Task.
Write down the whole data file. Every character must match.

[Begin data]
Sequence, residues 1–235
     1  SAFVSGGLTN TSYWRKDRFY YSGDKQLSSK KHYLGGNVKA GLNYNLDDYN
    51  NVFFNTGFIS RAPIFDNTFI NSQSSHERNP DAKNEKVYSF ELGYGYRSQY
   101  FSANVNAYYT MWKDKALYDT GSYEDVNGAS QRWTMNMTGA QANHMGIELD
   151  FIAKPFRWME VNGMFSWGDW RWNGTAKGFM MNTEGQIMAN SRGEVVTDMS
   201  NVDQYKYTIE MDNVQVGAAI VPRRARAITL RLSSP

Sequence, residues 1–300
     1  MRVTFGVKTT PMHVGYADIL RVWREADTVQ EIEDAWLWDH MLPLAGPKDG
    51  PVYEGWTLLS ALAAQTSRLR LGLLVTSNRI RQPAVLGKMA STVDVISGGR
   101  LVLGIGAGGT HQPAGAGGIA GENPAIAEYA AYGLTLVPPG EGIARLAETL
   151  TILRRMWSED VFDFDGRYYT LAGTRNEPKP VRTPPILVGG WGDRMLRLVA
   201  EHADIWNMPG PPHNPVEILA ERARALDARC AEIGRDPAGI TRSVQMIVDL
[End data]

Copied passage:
Sequence, residues 1–235
     1  SAFVSGGLTN TSYWRKDRFY YSGDKQLSSK KHYLGGNVKA GLNYNLDDYN
    51  NVFFNTGFIS RAPIFDNTFI NSQSSHERNP DAKNEKVYSF ELGYGYRSQY
   101  FSANVNAYYT MWKDKALYDT GSYEDVNGAS QRWTMNMTGA QANHMGIELD
   151  FIAKPFRWME VNGMFSWGDW RWNGTAKGFM MNTEGQIMAN SRGEVVTDMS
   201  NVDQYKYTIE MDNVQVGAAI VPRRARAITL RLSSP

Sequence, residues 1–300
     1  MRVTFGVKTT PMHVGYADIL RVWREADTVQ EIEDAWLWDH MLPLAGPKDG
    51  PVYEGWTLLS ALAAQTSRLR LGLLVTSNRI RQPAVLGKMA STVDVISGGR
   101  LVLGIGAGGT HQPAGAGGIA GENPAIAEYA AYGLTLVPPG EGIARLAETL
   151  TILRRMWSED VFDFDGRYYT LAGTRNEPKP VRTPPILVGG WGDRMLRLVA
   201  EHADIWNMPG PPHNPVEILA ERARALDARC AEIGRDPAGI TRSVQMIVDL